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Over the years, Bruce Cockburn concerts have evolved from solo performances in moccasins into full-band gigs in army boots. In the beginning, Cockburn travelled around in an old camper truck, a vagabond poet with acoustic guitar in hand and faithful dog, Aroo, at his feet. During the ’80s, he and his group toured in a large streamlined bus, dressed like urban guerrillas wielding an arsenal of electric instruments. By the end of that decade—and for much of the next—Cockburn downsized and performed with just a pair of talented sidemen. But as his superb live recordings reveal, regardless of the era or the size of his entourage, Cockburn’s concerts are always a wonder to behold: expansive, entrancing and full of surprises.
Live, recorded in August 1989 at Ontario Place, Toronto’s lakeside entertainment complex, has all of those qualities in abundance. With songs dating from 1976’s In the Falling Dark to 1987’s Waiting for a Miracle albums, it features a cross-section of the Canadian artist’s finest material—although some of it has been reinterpreted so dramatically as to be virtually unrecognizable. For Cockburn, this is half the fun. As the acclaimed singer-songwriter once told an interviewer: “I don’t feel any obligation to slavishly duplicate what’s on the record.” Along with his deeply personal declarations of faith and highly passionate songs of social criticism, the album boasts a carefree quality and even a comical side that never comes across on his studio recordings.
Nearly half of the songs on the remastered edition of the album are drawn from Cockburn’s two mid-’80s albums, World of Wonders and Stealing Fire, giving the collection a strong political edge. The bonus track offered here is a stirring rendition of his most controversial song, “If I Had a Rocket Launcher.” But even it is overshadowed by two other hard-hitting numbers—both played solo. Cockburn performs an unforgettable version of “Stolen Land,” his song about aboriginal displacement, singing with righteous indignation over a hypnotic Bo Diddley beat on the bohdran. But the showstopper is a chillingly forceful take on “Call it Democracy,” which still stands as the only song ever written about the greedy International Monetary Fund. Cockburn’s bristling rage is almost palpable as he accuses the “IMF, dirty MF” of fostering “insupportable debt.”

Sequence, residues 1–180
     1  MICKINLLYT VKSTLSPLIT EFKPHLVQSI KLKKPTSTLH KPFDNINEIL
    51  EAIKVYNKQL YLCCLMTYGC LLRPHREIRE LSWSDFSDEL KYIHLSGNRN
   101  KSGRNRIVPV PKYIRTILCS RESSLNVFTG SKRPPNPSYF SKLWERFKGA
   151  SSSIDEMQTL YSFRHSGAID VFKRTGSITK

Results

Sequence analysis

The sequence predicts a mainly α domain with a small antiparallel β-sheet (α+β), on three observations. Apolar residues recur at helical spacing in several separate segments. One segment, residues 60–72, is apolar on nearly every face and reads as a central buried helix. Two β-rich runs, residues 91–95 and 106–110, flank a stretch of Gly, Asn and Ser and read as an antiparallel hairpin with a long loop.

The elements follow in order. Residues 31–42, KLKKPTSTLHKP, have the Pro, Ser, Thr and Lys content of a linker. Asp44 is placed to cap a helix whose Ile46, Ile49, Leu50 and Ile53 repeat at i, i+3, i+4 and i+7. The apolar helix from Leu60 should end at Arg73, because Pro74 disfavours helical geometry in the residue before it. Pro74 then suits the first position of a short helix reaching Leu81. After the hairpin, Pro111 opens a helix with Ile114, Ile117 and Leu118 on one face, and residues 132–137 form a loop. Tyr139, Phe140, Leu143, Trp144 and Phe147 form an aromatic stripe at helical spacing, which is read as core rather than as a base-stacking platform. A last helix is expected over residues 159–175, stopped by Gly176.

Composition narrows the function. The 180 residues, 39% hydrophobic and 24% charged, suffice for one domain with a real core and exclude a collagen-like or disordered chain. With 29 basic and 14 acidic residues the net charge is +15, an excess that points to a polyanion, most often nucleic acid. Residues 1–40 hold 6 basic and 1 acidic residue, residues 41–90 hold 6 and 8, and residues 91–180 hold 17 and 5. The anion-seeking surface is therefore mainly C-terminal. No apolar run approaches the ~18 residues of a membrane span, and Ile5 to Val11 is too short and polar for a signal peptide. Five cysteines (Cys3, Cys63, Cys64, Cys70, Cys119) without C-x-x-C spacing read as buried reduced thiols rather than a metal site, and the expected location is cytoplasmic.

With tight support from Fergus Marsh on stick and Michael Sloski on drums, Cockburn plays with vigour and confidence throughout the concert, lending surprising drama to some songs and memorable solos to others. The opening “Silver Wheels” stands out for its chiming, cascading guitar, while “Maybe the Poet” is played at a breakneck, almost ska-like tempo. But the biggest revelation may be the potent reggae groove of “Broken Wheel.” Played with slashing guitar chords and sharp, jagged rhythms, the song takes on a stark, previously unrealized power.
Other songs are given a joyful treatment. A slower paced “Rumors of Glory” bounces along to a playful reggae beat, with the unusual added flavouring of Cockburn on harmonica. Conversely, a peppier version of “See How I Miss You,” Cockburn’s oh-so-sweet love song, features some of the most dazzling, rapid-fire fingerpicking in a long career characterized by extraordinary guitar work. And when Cockburn breaks into a buoyant rendition of “Wondering Where the Lions Are,” complete with improvised scat vocals, you can almost see him grinning ear to ear as the crowd claps and sings along to the swaying chorus.
But the most surprising and delightful moment is “Always Look on the Bright Side of Life,” which has the crowd this time whistling along. Taken from the crucifixion scene in Monty Python’s Life of Brian movie, the barking-mad song provides just the right amount of levity to the proceedings. Performing it, Cockburn once admitted, “was fun and made sense from the point of view of some people who think that here’s this guy that only did this heavy, political stuff.” Recorded in the midst of his 1989 tour, which saw him play over 100 concerts in 13 countries, Live captures an exceptional performer at the peak of his powers—giddiness and all.
Originally released 1990, reissued 2002 by Rounder Records.